Called apahsipoko in Blackfeet, both the prairie and the mountain types of this herbaceous perennial are used in the same manner. The only difference between the two is that the mountain species have bigger leaves and roots, and the plants that grow flat on the hills are smaller. Both species have the same Blackfoot name.  The Alumroot grows in moist environments of prairie, parkland and gravelly montane slopes and talus. The roots are used in a variety of ways for medicine. A tea made from the root is used to treat a variety of ailments, including sore throats, colds, chest problems and diarrhea. Often a small piece of the root is chewed especially for sore throats. A salve of the root is used to dry infected cuts, sores and burns. This plant is also good for diabetics, whose skin is sensitive and itchy and often bleeds. Grinding the root and mixing it with a little grease makes a paste. This is then applied directly to the sore. Or, the powdered root is boiled and a clean cloth is soaked in this mixture and applied to the area.

 Image of Biscuit root       Biscuit Root (Lomatium cous)     Image of biscuit root plant

Called Koos in Blackfeet, this perennial herb was one of the staple foods of the Blackfeet. It grows in more arid soils and on grassy slopes of the Rocky Mountains.  The inside of the root was peeled, dried and ground into flour to form into loaves. A hole was made in the center so it could be fastened onto a pack for travelling. The seeds are also very nutritious eaten raw or roasted, or made into flour.  Fresh or dried biscuit root can be made into an antiviral tea or tincture, used to specifically treat sinus and chest conditions. The Blackfeet also just drank the tea to treat a “weakened condition”. Slices of the root were strung on buckskin and hung around a mare’s neck, believing it would help her give birth to a strong colt in the spring. Another way Biscuit root helped the horses was as a remedy for distemper. After running the horse hard, it would be breathing heavily and the owner would blow smoke from the burning roots into the horses nostrils.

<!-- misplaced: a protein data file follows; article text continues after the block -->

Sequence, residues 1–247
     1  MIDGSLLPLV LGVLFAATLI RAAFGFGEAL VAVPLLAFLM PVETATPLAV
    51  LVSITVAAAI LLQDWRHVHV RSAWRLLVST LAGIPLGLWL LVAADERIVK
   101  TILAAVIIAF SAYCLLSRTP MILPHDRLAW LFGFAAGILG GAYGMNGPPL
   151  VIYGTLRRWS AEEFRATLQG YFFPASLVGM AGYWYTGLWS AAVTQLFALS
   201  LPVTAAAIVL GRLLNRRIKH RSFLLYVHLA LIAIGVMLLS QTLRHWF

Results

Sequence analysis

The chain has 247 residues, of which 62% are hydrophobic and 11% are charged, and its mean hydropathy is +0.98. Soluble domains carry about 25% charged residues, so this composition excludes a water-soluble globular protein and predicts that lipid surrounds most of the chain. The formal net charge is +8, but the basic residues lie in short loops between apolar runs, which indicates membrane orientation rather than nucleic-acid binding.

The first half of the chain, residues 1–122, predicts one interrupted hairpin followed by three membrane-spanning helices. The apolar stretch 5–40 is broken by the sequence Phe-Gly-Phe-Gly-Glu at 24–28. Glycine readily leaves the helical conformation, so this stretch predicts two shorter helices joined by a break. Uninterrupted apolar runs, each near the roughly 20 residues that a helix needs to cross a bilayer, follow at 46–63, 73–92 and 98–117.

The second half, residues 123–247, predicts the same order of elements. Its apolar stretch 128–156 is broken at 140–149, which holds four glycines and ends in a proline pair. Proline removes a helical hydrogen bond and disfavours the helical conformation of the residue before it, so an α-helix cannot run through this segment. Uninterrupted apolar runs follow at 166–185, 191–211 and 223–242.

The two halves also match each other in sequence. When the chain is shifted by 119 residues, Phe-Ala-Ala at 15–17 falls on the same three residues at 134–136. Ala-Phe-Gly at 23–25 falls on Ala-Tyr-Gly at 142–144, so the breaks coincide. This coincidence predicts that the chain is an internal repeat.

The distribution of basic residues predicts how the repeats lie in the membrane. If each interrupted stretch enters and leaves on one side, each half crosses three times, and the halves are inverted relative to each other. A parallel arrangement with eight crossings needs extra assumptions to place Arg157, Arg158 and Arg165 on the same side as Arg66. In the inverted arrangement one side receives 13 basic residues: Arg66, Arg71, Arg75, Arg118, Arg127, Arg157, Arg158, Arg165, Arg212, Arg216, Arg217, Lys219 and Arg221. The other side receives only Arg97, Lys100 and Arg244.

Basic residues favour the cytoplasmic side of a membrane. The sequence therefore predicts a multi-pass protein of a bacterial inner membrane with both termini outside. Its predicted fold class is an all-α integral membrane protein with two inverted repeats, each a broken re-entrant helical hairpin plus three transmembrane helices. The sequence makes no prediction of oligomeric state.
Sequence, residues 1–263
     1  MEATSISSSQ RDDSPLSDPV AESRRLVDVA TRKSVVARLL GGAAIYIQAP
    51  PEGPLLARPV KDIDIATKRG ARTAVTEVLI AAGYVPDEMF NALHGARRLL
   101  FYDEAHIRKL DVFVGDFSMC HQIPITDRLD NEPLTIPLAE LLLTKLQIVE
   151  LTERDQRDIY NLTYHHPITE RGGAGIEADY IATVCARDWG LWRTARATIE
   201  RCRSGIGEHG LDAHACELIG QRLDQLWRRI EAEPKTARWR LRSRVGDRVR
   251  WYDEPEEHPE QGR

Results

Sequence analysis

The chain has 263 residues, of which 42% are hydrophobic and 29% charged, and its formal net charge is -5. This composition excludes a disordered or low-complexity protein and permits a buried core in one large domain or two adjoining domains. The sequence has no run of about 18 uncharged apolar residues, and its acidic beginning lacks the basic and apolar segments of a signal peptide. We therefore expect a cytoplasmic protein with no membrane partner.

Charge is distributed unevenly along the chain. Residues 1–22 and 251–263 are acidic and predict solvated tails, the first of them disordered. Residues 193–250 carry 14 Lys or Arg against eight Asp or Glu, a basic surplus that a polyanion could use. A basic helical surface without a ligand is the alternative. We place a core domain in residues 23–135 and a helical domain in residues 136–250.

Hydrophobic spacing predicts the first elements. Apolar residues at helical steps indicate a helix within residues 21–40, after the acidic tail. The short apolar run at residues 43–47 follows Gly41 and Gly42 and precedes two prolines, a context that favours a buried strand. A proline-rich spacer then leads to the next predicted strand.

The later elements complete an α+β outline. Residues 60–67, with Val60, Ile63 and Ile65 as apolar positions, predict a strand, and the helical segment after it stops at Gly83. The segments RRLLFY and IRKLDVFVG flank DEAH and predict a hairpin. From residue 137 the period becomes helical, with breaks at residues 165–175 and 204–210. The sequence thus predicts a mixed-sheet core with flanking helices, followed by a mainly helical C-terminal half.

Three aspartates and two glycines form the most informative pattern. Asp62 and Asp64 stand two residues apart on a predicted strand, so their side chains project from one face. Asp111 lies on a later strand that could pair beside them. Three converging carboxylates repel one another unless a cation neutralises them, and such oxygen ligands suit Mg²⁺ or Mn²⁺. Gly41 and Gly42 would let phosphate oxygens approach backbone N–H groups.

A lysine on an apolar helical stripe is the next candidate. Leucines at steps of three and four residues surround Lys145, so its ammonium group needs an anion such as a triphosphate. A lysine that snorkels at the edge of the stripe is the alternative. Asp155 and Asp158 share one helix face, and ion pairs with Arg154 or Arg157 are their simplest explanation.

Species List

  • Arrowleaf balsamroot (Balsamorhiza sagittata)
  • Alum root (Heuchera spp.)
  • Beebalm (Monarda fistulosa)
  • Biscuitroot (Lomatium cous)
  • Chokecherry (Prunus virginiana)
  • Columbine (Aquilegia flavescens)
  • Gayfeather (Liatris punctata)
  • Geyer's willow (Salix geyeriana)
  • Goldenrod (Solidago missouriensis)
  • Jacob's Ladder (Polemonium pulcherrimum)
  • Oregon grape (Berberis repens)
  • Red Osier Dogwood (Cornus stolonifera)
  • Sweetgrass (Hierochloe odorata)
  • Wild peppermint (Mentha arvensis)
  • Wood's rose (Rosa woodsii)
  • Yarrow (Achillea millefolium)